Interestingly, this month's total eclipse is the first of four consecutive total eclipses occurring at approximately six-month intervals — a phenomenon called a tetrad. In addition to the two totalities occurring this year, there will be two more in 2015, on April 4 and Sept. 28.
"The most unique thing about the 2014-2015 tetrad is that all of them are visible for all or parts of the USA," said longtime NASA eclipse expert Fred Espenak.
Only the shadow knows the moon's color
Although astronomers do not expect to gain new astronomical insights from the eclipse, lunar eclipses vividly reflect the overall state of Earth's atmosphere.
Under normal weather and atmospheric conditions, as the moon slides into the shadow of the Earth, the satellite's normal yellow-white color changes into a dull coppery-red at the height of the eclipse. Since the sun’s rays are bent by Earth’s atmosphere so that some still reach the moon, the moon is still visible during a total lunar eclipse.
However, if a major volcanic eruption has taken place in the weeks or months prior to a total lunar eclipse, a cloud of ash and dust floating high above the Earth could make the moon appear darker than usual during totality; parts of the moon might even become black and invisible.
Or the moon might wear its normal eclipse cloak of a deep red or a coppery hue or take on still other colors (orange, chocolate-brown or gray). Color possibilities are unpredictable since it is impossible to tell exactly how much light Earth's atmosphere will refract as its shadow creeps across the moon. Cloud cover and other atmospheric conditions may also affect the visibility and coloration of the moon.
In short: We’ll all just have to wait for eclipse night and see what actually happens.
Rare pairing off with a bright star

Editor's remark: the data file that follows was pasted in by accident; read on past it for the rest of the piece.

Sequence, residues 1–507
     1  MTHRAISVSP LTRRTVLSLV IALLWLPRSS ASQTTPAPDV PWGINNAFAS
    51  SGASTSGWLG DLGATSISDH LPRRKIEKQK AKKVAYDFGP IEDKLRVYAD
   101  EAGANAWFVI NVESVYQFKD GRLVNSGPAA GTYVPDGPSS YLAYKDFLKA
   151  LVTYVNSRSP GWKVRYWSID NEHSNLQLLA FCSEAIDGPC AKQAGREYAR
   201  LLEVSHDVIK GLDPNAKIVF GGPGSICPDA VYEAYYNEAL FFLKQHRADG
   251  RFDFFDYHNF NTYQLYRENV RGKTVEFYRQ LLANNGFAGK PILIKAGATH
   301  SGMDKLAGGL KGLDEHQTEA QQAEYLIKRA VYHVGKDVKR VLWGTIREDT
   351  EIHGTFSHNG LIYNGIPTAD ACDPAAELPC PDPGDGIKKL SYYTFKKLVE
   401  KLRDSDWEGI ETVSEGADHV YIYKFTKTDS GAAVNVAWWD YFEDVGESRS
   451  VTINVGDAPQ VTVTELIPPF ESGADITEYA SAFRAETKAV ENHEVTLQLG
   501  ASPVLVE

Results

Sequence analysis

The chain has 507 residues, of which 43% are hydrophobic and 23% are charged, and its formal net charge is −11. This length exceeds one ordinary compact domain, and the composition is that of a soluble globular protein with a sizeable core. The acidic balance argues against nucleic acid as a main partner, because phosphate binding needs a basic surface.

During the eclipse, no doubt many will take note of a conspicuous star situated just to the right and a bit below the moon. This will be Spica, the brightest star in the constellation Virgo and one of the 21 brightest stars in the sky.
During totality, the contrast in color between the eerie red ball of the moon and this bluish star will be striking. A close approach of the eclipsed moon and a particular star is a rather rare event. It last happened with Spica on the night of April 12 and 13, 1968. The next time a bright star will approach as closely to a totally eclipsed moon will be on Feb. 25, 2510, when the star in question will be Regulus in the constellation Leo.
Space.com will provide tips on how to judge the color and brightness of the upcoming eclipse in an April 11 night sky observing guide, and we'll also publish an Eclipse Observers Guide on April 13. So stay tuned!
Editor's Note: If you snap an amazing picture of next week's lunar eclipse or any other night sky view that you'd like to share for a possible story or image gallery, send photos, comments and your name and location to managing editor Tariq Malik at firstname.lastname@example.org.
Joe Rao serves as an instructor and guest lecturer at New York's Hayden Planetarium. He writes about astronomy for Natural History magazine, the Farmer's Almanac and other publications, and he is also an on-camera meteorologist for News 12 Westchester, N.Y. Follow us @Spacedotcom, Facebook or Google+. Originally published on Space.com.